John E. Jones, President of the Fayette County NAACP, addressed the commission at Thursday’s meeting.

The ongoing legal battle between the NAACP and Fayette County Board of Commissioners again became a central topic at Thursday’s commission meeting. Fayette County NAACP President John E. Jones urged the commission to drop its defense of the suit while commissioner Steve Brown accused the NAACP and other district voting supporters of making no efforts to negotiate with the county before filing a lawsuit.

During the public comment portion of the meeting, Jones addressed the commission after another resident gave a lengthy argument for the county to continue its ongoing defense against the lawsuit and for the principle of at-large voting.

That resident said the NAACP’s suit was “insulting” to Fayette County residents for insinuating they are racist. He said that poor voter turnout among eligible black voters in prior elections had been the primary reason their preferred candidates had not succeeded.

He also argued that the current expenditure on the lawsuit, between the commission and Board of Education, amounted to less than 1-percent of their combined budgets or less than $2.00 per individual in the county, going on to ask the commissioners “What’s your character worth? What are you willing to sell it for?”

Jones then spoke on behalf of the NAACP’s case.

“I refer to myself as a colored, negro, black, African-American. I claim all those names. And the reason I do is that each name has a reason that it was given. It was a phase that my people went through,” Jones said. “Now a lot of you are white, you’ve always been white, or caucasian. But we have been through a lot. When I came to this county and I saw that there was no diversity in government, I said that’s got to change.”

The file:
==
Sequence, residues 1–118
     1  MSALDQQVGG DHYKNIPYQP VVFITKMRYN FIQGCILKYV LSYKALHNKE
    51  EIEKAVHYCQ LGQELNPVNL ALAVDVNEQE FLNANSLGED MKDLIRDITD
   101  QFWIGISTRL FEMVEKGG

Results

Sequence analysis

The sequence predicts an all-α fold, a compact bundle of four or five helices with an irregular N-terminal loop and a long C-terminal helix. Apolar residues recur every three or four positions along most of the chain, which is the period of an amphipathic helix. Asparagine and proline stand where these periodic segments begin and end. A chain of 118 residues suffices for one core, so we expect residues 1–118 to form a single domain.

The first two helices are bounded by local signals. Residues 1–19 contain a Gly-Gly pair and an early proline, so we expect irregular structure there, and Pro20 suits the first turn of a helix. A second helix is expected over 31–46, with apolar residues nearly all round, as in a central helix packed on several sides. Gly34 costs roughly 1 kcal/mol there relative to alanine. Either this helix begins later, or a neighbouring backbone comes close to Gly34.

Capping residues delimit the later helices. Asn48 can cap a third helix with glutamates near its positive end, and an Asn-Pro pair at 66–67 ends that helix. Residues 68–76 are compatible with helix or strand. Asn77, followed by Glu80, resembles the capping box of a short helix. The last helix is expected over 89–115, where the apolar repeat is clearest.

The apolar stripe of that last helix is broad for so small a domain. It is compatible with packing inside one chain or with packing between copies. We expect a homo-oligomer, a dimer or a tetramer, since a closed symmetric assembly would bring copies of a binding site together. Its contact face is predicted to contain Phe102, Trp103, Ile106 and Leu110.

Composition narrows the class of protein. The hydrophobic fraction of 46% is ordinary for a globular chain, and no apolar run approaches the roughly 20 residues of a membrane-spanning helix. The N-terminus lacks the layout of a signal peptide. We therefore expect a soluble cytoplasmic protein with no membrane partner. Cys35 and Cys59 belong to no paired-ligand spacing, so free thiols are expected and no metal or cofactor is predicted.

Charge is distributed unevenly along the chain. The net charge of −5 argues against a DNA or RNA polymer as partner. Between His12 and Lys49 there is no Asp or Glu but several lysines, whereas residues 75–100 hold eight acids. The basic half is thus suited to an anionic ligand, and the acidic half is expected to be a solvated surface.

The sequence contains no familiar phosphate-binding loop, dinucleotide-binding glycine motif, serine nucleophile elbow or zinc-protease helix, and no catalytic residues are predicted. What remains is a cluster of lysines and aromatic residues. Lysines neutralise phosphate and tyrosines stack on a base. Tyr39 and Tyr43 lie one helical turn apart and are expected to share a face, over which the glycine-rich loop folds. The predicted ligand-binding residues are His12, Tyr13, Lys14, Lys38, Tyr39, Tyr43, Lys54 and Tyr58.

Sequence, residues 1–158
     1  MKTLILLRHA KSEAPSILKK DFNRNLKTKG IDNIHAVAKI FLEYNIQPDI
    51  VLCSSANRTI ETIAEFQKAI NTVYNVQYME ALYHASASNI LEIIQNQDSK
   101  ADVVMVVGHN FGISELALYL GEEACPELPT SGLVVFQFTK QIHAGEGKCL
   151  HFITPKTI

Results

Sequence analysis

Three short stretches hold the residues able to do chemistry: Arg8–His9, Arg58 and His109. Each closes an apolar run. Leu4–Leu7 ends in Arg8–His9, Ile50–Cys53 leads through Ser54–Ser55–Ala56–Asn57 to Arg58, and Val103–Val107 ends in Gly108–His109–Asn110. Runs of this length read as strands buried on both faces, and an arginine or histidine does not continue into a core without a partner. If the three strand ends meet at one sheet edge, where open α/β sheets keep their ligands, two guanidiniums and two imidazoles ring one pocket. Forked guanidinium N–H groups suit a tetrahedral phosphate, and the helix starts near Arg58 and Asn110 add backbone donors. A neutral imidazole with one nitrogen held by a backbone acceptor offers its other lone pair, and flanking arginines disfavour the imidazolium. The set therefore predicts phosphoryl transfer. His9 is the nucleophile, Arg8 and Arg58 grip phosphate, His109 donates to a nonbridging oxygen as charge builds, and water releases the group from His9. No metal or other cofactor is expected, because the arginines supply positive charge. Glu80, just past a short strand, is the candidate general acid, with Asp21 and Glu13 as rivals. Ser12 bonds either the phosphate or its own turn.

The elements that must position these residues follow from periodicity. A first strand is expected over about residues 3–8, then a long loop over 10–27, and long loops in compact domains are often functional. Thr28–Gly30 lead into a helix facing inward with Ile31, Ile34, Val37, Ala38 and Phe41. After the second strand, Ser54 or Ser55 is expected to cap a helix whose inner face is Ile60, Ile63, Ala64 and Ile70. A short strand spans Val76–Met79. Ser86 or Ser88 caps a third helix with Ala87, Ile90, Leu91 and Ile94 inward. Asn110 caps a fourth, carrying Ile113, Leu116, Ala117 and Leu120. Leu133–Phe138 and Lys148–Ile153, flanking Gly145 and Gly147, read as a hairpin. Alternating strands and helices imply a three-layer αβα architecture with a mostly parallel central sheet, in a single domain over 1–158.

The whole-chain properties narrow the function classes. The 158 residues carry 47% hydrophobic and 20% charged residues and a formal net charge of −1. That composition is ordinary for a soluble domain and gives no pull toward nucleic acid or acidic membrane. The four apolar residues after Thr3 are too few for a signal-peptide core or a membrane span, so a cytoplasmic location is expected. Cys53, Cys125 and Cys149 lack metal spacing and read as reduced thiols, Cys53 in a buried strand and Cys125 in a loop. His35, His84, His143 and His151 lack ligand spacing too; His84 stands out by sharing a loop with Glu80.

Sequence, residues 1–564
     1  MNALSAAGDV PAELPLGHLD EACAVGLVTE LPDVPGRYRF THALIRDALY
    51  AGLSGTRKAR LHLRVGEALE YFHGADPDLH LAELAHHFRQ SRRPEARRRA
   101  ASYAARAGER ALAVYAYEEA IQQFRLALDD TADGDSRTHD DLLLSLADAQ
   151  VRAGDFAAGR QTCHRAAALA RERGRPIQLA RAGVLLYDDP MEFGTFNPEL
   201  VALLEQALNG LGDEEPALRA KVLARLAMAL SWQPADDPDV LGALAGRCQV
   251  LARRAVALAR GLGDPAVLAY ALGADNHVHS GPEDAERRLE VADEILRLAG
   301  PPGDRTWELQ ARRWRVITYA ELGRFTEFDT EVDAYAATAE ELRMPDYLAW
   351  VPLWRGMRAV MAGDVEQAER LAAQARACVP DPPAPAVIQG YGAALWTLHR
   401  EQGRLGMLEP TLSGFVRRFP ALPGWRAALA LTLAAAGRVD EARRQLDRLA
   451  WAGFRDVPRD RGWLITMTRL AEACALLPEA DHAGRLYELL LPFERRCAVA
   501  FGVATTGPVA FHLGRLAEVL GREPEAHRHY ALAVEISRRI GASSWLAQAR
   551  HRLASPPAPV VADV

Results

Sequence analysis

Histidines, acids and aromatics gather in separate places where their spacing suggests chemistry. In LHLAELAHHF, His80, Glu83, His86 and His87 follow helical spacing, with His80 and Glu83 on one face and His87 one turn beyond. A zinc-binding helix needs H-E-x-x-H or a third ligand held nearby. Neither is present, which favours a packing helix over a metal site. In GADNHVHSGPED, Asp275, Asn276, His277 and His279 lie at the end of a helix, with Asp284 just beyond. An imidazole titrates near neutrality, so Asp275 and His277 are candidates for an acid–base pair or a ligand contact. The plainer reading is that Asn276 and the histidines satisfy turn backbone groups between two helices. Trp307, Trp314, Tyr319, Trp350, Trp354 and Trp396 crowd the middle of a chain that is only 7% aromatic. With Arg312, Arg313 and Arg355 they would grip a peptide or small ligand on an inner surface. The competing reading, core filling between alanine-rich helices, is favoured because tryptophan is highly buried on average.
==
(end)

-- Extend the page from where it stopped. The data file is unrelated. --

Jones went on to say that in the end he expects the courts to decide in favor of district voting.

“This county is spending money, making lawyers richer. And, if you want to blame me for that, go ahead. But you know what, I’m proud of what we’ve accomplished. If you want to keep litigating, keep litigating. If you want to keep spending money, keep spending money. But in the end, justice will prevail,” Jones said. He went on to ask the commission ” to drop that appeal because in the end, just like all the surrounding counties and many of the counties in Georgia, district voting prevailed.”

Commissioner Steve Brown fired back later during commissioner comments [see page 15 for Brown’s letter to the editor on the topic], saying the supporters of district voting had never even come to the county to discuss or negotiate possible solutions.

“You have to remember we did not file the lawsuit, we are the defendants,” Brown said. “The decision to litigate was not the county’s decision.”

He said he believed he would have been “the most approachable representative” in the county for such a discussion, but none was forthcoming.

“I had a 10 year history with the NAACP, as a member, in a mixed-race family. You would think I would have been the most approachable representative to come see, and there was no discussion,” Brown said.

He also noted an “ongoing e-mail exchange with one of the plaintiffs” in the case in which he’d reminded him that “no one came to the commission.”

He later chastised Dan Lowry, one of the ten Fayette County locals named as plaintiffs in the case, for putting in writing that the NAACP lawsuit is “not about electing black candidates, it’s about electing democrats.”

“My suggestion would be tell him to just stop,” Brown said of Lowry’s public commentaries.

Brown appeared to be referring to Lowry’s letter to the editor from March, 2014 in which he chided the news media for misinterpreting the purpose of the NAACP suit.